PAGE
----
SEOUL -- South Korea and Spain will hold a joint committee meeting on defense industry cooperation this week, sparking speculation about a possible swap deal involving Europe's modern A400M transport aircraft and South Korea's home-made military trainers.
The two-day meeting to be held in Madrid on Monday was a key topic at a defense ministry press briefing, but the Defense Acquisition Program Administration (DAPA), a state body in charge of procuring military equipment, gave a basic answer, citing a bilateral agreement on confidentiality.
"It's not a negotiated agreement between the two governments," a DAPA spokesman told reporters, responding to a question whether the two countries would discuss the idea of swapping A400Ms with trainers produced by South Korea's sole aircraft maker, Korea Aerospace Industries (KAI). KAI produces KT-1 turboprop basic aircraft and T-50 supersonic trainer jets.
DAPA officials refused to confirm news reports that Spain came up with a swap deal at an international air show in Britain in July, saying that the two countries would only discuss "logistics cooperation."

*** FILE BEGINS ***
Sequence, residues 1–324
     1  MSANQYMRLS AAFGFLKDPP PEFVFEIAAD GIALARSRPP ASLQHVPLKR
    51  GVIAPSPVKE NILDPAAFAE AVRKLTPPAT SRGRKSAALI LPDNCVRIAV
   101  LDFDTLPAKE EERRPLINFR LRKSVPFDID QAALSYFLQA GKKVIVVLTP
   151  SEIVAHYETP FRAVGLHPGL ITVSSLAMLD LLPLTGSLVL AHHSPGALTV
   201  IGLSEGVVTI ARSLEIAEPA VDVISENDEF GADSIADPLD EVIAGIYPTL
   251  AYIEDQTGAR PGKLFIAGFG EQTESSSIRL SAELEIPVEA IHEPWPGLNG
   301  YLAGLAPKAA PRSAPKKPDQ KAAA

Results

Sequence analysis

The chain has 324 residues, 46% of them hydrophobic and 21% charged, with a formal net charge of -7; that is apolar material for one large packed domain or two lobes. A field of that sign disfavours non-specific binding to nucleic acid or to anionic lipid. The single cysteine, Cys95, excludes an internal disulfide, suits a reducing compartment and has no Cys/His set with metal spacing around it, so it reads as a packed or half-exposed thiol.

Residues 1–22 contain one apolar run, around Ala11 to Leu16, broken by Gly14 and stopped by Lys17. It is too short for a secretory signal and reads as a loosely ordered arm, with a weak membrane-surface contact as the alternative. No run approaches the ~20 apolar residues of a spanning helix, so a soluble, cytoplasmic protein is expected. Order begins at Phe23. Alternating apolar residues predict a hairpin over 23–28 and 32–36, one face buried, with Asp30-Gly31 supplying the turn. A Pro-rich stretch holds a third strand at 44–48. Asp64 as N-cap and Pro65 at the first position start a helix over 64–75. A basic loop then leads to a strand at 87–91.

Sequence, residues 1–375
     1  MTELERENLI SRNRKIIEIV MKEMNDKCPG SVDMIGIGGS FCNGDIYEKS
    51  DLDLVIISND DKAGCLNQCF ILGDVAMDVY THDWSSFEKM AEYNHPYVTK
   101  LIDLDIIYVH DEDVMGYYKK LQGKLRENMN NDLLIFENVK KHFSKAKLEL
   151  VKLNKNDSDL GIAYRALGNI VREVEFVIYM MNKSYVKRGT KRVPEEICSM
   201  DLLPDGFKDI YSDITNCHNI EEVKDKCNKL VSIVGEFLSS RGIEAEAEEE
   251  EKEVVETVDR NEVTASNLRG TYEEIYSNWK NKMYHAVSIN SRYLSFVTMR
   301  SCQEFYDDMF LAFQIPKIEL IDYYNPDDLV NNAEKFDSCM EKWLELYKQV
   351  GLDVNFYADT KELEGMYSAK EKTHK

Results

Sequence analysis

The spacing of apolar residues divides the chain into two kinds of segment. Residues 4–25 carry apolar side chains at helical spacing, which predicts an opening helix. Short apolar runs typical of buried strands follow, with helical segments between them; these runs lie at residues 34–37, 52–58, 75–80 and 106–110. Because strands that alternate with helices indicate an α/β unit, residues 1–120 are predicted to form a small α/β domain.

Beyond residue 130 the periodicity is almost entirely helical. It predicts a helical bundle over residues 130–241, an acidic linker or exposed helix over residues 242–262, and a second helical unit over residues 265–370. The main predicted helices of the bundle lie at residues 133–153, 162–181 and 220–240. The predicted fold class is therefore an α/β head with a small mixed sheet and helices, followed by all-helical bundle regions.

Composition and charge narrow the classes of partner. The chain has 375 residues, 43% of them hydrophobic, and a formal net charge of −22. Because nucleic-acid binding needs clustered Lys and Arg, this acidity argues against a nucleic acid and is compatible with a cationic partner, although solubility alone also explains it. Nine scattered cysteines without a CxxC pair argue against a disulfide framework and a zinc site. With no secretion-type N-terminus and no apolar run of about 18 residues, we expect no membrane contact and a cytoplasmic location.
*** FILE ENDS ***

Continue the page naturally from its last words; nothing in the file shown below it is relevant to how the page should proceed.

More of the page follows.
The A400M Atlas, delivered first to France in August 2013, is a four-engine turboprop transport aircraft. It was designed as a tactical airlifter with strategic capabilities to replace older transport aircraft such as the Lockheed C-130 Hercules. Spain ordered 27 A400Ms and three have been delivered.
The Lockheed C-130 Hercules is an American four-engine turboprop military transport aircraft. It is the longest continuously produced military aircraft at over 60 years. South Korea has a military program to introduce new military transport planes.
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